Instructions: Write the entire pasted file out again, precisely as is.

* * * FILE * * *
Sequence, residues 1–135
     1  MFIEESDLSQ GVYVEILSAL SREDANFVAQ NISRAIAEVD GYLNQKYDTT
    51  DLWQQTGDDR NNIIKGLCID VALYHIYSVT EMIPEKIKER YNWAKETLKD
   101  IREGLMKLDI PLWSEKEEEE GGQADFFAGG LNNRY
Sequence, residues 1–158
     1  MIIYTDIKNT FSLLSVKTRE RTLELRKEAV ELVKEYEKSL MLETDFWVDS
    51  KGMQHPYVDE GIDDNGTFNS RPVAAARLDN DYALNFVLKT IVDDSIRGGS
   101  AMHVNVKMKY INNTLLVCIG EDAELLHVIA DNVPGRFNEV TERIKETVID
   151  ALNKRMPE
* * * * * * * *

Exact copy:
Sequence, residues 1–135
     1  MFIEESDLSQ GVYVEILSAL SREDANFVAQ NISRAIAEVD GYLNQKYDTT
    51  DLWQQTGDDR NNIIKGLCID VALYHIYSVT EMIPEKIKER YNWAKETLKD
   101  IREGLMKLDI PLWSEKEEEE GGQADFFAGG LNNRY
Sequence, residues 1–158
     1  MIIYTDIKNT FSLLSVKTRE RTLELRKEAV ELVKEYEKSL MLETDFWVDS
    51  KGMQHPYVDE GIDDNGTFNS RPVAAARLDN DYALNFVLKT IVDDSIRGGS
   101  AMHVNVKMKY INNTLLVCIG EDAELLHVIA DNVPGRFNEV TERIKETVID
   151  ALNKRMPE